I spent that evening in the back of a school bus coming back from an unfruitful debate tournament at Yeshiva of Flatbush. As the bus lurched through Brooklyn-Battery Tunnel traffic I listened to “Twin Fantasy” for the first time. Somehow it felt right to listen to it in this setting. It just felt like late-night-school-bus kind of music. I was most taken by Toledo’s stubborn insistence on singing literally, his aversion to aggrandizing. He was somehow both haughty and wretched at the same time, an underground man to rival Dostoevsky’s. I could feel Toledo stooping down to my level, it was almost embarrassing. With it all he was still self aware, self referential. The music itself was fair game for exploration.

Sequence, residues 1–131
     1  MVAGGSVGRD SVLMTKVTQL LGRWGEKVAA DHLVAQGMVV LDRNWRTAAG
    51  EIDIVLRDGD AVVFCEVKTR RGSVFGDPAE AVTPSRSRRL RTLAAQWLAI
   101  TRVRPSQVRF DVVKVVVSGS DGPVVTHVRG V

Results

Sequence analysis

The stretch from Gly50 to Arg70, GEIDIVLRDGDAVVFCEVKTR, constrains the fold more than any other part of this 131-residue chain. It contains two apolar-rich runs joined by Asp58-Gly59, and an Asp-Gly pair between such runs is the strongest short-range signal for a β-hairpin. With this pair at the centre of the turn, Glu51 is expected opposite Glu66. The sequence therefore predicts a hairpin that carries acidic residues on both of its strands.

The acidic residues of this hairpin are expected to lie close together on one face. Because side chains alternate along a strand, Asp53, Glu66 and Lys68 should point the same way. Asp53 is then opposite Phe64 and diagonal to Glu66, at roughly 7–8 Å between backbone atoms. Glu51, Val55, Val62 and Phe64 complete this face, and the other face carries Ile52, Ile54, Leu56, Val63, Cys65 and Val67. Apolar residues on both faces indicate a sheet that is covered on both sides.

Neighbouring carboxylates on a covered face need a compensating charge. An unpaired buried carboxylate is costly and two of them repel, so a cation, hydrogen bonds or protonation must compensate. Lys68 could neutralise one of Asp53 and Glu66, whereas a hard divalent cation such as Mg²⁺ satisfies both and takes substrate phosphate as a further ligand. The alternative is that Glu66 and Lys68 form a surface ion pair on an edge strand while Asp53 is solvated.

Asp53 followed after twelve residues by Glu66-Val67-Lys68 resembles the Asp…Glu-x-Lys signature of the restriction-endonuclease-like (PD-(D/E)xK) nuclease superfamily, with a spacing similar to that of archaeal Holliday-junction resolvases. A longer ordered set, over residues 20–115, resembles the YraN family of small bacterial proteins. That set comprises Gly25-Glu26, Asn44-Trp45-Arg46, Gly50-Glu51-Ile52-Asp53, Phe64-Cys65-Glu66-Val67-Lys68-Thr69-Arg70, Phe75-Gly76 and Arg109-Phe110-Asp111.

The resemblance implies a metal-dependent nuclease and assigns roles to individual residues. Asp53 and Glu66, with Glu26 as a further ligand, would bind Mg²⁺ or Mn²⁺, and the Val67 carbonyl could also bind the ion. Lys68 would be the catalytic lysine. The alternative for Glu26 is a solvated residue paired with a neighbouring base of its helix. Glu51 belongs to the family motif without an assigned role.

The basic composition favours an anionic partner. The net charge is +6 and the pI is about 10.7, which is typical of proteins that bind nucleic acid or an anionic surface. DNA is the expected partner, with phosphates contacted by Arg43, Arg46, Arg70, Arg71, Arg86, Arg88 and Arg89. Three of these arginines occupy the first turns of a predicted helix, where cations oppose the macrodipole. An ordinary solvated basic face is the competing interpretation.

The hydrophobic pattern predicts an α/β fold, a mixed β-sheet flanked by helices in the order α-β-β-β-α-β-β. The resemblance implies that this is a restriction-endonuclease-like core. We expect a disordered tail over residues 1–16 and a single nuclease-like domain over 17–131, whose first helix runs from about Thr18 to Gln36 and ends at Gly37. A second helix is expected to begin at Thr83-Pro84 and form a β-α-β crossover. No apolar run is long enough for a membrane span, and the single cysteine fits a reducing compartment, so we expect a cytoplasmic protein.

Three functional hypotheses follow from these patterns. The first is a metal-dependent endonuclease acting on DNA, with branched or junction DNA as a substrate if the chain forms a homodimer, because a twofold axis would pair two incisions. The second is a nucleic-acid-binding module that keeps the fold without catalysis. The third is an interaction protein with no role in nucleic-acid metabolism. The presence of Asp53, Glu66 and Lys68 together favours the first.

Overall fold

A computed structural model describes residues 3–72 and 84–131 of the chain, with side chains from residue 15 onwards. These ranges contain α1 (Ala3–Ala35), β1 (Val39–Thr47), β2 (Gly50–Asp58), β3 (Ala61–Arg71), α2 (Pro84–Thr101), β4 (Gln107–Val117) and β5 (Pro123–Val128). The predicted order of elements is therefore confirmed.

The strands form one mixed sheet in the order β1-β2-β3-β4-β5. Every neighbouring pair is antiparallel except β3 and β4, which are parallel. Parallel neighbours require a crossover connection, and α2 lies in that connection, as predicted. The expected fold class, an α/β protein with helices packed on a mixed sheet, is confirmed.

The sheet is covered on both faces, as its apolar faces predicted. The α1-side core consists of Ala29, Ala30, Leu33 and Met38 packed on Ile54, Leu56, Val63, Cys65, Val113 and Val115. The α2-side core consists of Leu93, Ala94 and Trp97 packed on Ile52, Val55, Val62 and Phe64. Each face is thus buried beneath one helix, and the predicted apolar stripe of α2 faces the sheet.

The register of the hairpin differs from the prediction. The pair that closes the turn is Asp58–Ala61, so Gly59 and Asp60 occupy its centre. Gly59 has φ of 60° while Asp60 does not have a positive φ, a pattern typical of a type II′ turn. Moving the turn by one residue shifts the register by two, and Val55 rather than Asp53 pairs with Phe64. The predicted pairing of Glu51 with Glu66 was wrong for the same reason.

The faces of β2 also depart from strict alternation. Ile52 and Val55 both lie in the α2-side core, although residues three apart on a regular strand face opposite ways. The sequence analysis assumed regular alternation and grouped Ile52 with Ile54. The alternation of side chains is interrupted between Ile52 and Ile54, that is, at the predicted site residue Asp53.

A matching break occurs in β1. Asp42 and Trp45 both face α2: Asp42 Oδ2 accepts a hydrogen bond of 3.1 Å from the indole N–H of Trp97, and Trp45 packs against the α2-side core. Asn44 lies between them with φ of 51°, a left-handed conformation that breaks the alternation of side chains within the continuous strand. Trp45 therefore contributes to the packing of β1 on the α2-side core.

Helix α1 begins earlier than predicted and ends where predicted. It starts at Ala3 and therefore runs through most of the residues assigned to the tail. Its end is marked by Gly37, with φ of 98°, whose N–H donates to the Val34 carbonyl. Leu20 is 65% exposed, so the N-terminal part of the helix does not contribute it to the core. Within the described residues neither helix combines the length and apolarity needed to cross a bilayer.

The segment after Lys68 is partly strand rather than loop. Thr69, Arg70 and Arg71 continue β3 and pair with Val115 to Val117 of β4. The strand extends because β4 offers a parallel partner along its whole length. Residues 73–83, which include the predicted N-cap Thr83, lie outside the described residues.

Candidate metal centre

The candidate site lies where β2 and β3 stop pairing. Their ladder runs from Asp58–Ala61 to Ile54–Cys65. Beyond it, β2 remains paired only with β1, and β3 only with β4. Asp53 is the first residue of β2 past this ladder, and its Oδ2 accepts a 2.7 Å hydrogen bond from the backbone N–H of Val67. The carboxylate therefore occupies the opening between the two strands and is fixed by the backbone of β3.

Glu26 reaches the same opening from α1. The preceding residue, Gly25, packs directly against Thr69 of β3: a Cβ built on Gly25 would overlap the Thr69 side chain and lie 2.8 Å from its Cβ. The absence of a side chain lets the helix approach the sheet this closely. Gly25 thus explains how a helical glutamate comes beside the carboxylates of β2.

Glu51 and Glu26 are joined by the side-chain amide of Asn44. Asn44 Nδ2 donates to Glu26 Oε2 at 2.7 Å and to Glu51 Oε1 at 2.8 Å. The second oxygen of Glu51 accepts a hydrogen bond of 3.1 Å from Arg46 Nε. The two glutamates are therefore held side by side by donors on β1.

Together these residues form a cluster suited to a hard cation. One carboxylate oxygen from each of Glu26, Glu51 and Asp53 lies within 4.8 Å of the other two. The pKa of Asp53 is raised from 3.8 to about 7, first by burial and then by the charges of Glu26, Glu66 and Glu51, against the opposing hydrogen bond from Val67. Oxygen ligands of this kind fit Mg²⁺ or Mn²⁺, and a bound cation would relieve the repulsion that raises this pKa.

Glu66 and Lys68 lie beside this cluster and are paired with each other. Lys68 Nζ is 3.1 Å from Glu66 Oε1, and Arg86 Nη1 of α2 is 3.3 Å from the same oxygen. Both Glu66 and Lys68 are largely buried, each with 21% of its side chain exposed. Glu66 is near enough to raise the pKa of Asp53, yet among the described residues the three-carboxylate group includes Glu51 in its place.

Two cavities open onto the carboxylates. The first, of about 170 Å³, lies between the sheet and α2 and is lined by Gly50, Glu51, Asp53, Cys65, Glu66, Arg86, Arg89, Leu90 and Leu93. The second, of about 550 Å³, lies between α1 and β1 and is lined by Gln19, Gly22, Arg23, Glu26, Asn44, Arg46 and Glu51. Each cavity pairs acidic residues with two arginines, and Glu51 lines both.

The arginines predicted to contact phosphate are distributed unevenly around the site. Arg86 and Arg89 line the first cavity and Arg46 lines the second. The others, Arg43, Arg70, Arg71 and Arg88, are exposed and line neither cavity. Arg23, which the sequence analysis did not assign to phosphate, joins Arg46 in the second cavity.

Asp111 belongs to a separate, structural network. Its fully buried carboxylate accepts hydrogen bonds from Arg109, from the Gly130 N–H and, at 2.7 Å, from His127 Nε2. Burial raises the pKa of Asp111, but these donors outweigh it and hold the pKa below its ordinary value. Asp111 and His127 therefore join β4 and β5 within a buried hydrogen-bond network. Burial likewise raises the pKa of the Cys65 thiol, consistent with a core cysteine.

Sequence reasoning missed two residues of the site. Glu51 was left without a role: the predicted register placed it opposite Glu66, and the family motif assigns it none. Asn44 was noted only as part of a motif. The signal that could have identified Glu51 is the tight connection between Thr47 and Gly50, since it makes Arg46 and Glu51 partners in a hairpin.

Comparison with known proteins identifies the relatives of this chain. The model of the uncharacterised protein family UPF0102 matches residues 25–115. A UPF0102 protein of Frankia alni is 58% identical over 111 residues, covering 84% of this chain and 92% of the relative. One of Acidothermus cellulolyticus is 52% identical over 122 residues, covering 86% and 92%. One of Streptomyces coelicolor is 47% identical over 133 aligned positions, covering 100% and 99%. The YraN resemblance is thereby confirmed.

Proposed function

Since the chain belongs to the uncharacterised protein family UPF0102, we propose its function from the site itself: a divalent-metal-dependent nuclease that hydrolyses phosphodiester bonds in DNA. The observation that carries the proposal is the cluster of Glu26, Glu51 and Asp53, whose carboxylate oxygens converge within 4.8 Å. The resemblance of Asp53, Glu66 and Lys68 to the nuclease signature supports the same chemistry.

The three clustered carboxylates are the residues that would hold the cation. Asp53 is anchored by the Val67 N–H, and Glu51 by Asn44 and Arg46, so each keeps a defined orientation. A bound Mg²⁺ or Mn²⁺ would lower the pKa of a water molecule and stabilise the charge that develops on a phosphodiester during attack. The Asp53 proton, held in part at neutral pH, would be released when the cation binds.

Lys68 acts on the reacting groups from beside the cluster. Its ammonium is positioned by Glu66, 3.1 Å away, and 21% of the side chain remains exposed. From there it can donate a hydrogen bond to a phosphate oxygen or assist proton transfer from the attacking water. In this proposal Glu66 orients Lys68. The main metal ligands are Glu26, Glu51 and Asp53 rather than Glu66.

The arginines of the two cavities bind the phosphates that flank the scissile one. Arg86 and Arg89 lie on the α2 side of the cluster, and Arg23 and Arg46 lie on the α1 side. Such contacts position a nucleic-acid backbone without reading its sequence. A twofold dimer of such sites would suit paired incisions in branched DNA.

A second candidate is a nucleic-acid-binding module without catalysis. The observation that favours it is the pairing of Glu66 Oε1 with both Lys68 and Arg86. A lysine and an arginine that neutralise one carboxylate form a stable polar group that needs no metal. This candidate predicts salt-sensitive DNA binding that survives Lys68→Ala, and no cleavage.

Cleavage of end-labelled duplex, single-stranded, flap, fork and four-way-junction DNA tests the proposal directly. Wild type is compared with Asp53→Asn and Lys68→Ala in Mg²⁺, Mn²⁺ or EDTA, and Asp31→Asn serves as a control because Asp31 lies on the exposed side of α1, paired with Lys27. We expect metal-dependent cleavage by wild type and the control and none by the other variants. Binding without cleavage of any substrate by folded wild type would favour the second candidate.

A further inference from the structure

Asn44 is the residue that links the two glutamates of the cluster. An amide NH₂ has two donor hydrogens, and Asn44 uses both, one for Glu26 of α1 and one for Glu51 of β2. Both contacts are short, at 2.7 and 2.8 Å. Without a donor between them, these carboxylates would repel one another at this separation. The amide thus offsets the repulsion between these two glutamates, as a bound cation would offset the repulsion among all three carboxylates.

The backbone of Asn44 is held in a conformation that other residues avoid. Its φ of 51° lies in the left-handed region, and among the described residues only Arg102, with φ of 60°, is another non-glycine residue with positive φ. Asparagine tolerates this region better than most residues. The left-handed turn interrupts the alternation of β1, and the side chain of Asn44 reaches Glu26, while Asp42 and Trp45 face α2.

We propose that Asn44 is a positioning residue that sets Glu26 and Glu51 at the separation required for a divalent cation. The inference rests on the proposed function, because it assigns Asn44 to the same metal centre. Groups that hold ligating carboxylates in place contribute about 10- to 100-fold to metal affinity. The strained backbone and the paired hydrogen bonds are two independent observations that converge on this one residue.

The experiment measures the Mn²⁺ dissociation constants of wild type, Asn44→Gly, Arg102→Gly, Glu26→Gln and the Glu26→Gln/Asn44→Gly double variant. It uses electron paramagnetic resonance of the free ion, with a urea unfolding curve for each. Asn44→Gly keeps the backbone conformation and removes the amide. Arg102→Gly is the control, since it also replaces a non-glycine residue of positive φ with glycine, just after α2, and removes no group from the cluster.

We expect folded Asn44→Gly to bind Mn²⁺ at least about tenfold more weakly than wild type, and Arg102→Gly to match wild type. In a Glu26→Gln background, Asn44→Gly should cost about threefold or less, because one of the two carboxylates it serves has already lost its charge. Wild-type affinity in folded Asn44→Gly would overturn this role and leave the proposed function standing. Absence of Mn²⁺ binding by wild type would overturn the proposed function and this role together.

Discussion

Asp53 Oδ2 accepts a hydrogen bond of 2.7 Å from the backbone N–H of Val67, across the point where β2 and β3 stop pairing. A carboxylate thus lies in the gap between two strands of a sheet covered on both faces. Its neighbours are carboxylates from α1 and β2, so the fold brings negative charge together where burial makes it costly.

Though Toledo’s music certainly grabbed me, it by no means became a fixture of my life. But in every acute moment of stupid self indulgent angst, I have always found myself gravitating back to Car Seat Headrest with unnerving ferocity. The obvious triviality of Toledo saying “I want to close my head in the car door” is just irresistible. It’s this ridiculous thought that everyone has, and he literally says it word for word. Rather than describing the feeling that leads one to cognize such a thought, he cuts to the chase and actually says the thought itself. He immediately follows up with “I want to sing this song like I’m dying”, a gotcha moment of an even higher order — you really do, in this very moment! You do want to sing this song like you’re dying. You know it, and Toledo knows it too. It’s more than just a relatable “I feel so seen” moment — it’s an actual description of the listener’s train of thought in real time. It’s a déjà vu that becomes extended over time, a moment that Toledo stretches as far as it can go. And he goes into such specifics! He doesn’t actually have to enumerate all the way through “Where can I go? (Go to the store) / Where can I go? (Apply for jobs) / Where can I go? (Go to a friend’s) / Where can I go? (Go to bed)”. But he still does it. It is so universal, but so basic to the point that nobody talks about it. But Toledo does, and it’s harrowing.